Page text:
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28/09/2015

Discover the islands with our new RET fares!

Robin on Skye

 

Robin McKelvie makes the most of our latest RET fares  

Heard of About Road Equivalent Tariff (RET) fares? Well you will have soon and if you're smart you will also soon be using it to set off an adventure to the myriad Scottish islands and mainland routes served by CalMac. The introduction of RET means that ferry travel on the west coast of Scotland has never have been cheaper or easier. Read on and get booking!

RET translates into plain English as the Road Equivalent Tariff. Still confused? Don't be. It's quite simple. This October sees this Scottish Government sponsored initiative cross the Minch and move beyond the Outer Hebrides to all of the CalMac routes. Its aim is simply to encourage more people to use the ferry network by making it cheaper. The scheme has already been introduced to Arran and it has proved a huge success. Ferry fares for both passengers and their vehicles have been slashed and visitor numbers to the island have shot up.

Far from hibernating this winter if I was you I would be checking out some of the ace routes that RET is really going to open up. In the Firth of Clyde Arran already has had its ferry fares slashed. Expect them to come down in neighbouring Bute and Cumbrae too. All of these islands boast myriad charms with the short journey times a bonus in the sheltered waters of the Clyde.

Moving west of the Kintyre Peninsula we come into the Southern Hebrides. Here the impressively self-sufficient wee island of Gigha (they farm their own world class halibut and have their own wind farm) stars. Then there is the whisky isle of Islay with its eight distilleries, cute villages and beaches. A cosy dram at one of the Islay distilleries is a real treat at this time of year. If like me you love whisky this is the island for you! Colonsay is an underrated wee gem slightly to the north that for me is a sort of Inner Hebrides in miniature with its hills, white beaches and craggy coastline.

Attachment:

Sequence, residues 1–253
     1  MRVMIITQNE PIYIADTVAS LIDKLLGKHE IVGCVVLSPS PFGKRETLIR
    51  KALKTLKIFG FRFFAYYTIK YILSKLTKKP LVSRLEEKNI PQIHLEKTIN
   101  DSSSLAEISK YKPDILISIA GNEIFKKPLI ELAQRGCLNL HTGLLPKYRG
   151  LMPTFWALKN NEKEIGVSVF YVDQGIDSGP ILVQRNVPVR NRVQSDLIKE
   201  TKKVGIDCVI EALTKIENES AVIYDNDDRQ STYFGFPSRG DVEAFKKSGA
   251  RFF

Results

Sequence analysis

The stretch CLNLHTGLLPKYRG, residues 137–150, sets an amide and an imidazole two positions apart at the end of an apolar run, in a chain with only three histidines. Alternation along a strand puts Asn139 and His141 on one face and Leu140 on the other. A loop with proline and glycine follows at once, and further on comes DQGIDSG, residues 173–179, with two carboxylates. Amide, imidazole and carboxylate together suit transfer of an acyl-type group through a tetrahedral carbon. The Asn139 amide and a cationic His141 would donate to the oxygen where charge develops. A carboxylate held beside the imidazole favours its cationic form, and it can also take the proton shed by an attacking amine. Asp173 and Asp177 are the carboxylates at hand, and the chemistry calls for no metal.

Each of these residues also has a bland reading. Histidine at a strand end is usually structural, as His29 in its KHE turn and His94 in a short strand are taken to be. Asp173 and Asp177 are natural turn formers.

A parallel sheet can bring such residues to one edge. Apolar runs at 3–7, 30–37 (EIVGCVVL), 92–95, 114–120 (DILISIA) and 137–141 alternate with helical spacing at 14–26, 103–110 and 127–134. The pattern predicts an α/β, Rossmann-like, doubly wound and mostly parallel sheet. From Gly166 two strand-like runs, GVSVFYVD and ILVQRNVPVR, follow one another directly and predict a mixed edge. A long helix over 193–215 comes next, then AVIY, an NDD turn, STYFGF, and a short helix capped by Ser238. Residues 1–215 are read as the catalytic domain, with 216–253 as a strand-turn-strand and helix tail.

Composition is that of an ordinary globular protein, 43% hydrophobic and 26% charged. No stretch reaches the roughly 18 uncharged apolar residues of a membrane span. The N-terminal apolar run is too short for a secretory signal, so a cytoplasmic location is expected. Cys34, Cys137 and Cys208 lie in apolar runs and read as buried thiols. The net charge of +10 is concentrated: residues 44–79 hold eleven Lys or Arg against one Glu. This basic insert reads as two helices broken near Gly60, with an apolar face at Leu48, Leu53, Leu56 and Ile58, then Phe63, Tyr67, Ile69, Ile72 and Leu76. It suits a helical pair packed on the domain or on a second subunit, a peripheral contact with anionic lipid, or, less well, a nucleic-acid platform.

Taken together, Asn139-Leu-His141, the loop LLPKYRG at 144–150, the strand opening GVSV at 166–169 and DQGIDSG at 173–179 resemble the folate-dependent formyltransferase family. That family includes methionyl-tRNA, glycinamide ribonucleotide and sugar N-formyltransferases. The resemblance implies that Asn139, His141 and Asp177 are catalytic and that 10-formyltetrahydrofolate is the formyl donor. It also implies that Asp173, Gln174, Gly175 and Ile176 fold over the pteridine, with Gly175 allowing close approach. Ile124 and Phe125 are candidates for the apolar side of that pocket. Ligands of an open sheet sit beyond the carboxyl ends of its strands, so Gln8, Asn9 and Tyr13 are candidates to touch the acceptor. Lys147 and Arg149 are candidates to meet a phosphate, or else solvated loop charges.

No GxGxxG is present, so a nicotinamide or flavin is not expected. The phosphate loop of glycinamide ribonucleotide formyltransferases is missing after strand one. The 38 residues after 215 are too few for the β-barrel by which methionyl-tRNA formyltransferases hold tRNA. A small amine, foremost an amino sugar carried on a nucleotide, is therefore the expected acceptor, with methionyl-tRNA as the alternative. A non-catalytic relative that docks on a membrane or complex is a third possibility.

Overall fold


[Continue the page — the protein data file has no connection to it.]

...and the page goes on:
The Inner Hebrides are next up. These isles are easily accessible from the attractive Argyll resort town of Oban on the mainland. From here it's a quick hop across to mighty Mull, a sprawling island awash with the charms of its picturesque capital, Tobermory, through to its bountiful wildlife. On the land are red deer, in the air golden and sea eagles and in the sea otters and porpoises. Little Iona lies just offshore with its world famous abbey. Out across the whale and dolphin graced Gulf Stream warmed waters lie the twin islands of Coll and Tiree. Coll tempts with over 20 sandy beaches, while Tiree is a hub for windsurfers and surfers alike. Both are wild and wildly beautiful too.

Next up to the north lies Skye, the largest west coast island east of the Minch. Skye has it all, from whisky distilleries and castles, through to mighty Munro mountains and Michelin star restaurants. On its eastern fringes lies often forgotten Raasay, one of my favourite isles with its walking, quiet spaces and epic views.

South of Skye unfurl the Small Isles of Muck, Eigg, Rum and Canna, all easily accessible now thanks to RET and all with their own charms. Rum is my favourite with its huge mountains and the surreal historic attraction of Kinloch Castle. I love hiking to the top of An Sgurr on Eigg too, while more low-lying Canna and Muck are well worth exploring as well.

Most of the Outer Hebrides have already been benefiting from RET, but there are intra-island routes that are coming on stream too in October, for example Eriskay to Barra and Leverburgh to Berneray. You can rest assured that whichever isle or mainland CalMac destination you opt for getting there has never been better value. And getting there is half the fun too with a never-ending panorama of views, bountiful wildlife to watch out for from the deck and superb local produce to savour in the onboard cafes and bars. What are you waiting for?


About the Author

Robin McKelvie has been travelling on Scottish ferries ever since he was a wee boy and writing about them and the places they serve since he became a travel writer in 1997. Robin has travelled to over 100 countries, but still rates Scotland 'as easily my favourite destination in the world'. These days, as well as penning travel articles for newspapers and magazines across five continents, Robin also writes guidebooks, does a lot of social media and also talks travel for the BBC. He also blogs about Scotland for multiple websites. 

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